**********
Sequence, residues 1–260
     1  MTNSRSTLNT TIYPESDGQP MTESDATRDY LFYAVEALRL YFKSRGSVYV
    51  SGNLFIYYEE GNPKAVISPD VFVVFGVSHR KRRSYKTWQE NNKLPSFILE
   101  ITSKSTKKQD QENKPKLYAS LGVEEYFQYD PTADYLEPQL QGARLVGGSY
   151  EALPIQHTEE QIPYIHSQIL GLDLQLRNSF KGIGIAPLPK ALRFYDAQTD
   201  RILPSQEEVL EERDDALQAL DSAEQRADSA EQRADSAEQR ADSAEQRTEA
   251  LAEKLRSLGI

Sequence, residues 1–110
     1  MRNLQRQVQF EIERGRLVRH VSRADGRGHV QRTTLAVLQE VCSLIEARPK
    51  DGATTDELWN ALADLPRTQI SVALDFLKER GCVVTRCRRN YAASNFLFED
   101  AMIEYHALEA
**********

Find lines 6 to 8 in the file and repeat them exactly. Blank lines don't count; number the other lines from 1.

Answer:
   201  RILPSQEEVL EERDDALQAL DSAEQRADSA EQRADSAEQR ADSAEQRTEA
   251  LAEKLRSLGI

Sequence, residues 1–110